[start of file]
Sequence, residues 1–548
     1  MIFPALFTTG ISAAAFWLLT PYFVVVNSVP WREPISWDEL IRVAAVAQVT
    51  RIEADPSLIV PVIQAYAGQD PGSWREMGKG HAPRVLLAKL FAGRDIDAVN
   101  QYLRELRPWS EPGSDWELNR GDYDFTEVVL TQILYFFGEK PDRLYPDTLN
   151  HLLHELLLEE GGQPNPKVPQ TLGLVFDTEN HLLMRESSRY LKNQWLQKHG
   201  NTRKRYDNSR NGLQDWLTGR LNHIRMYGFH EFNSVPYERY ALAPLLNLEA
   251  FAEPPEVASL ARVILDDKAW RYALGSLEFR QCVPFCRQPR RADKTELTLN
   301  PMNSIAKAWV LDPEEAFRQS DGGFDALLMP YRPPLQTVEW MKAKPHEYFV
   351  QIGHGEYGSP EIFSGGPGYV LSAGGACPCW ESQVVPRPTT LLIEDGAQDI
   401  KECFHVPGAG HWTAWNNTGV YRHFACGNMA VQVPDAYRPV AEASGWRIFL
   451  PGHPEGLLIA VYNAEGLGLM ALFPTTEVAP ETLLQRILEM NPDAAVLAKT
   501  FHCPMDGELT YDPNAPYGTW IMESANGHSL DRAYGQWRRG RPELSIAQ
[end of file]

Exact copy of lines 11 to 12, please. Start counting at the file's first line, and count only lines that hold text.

   451  PGHPEGLLIA VYNAEGLGLM ALFPTTEVAP ETLLQRILEM NPDAAVLAKT
   501  FHCPMDGELT YDPNAPYGTW IMESANGHSL DRAYGQWRRG RPELSIAQ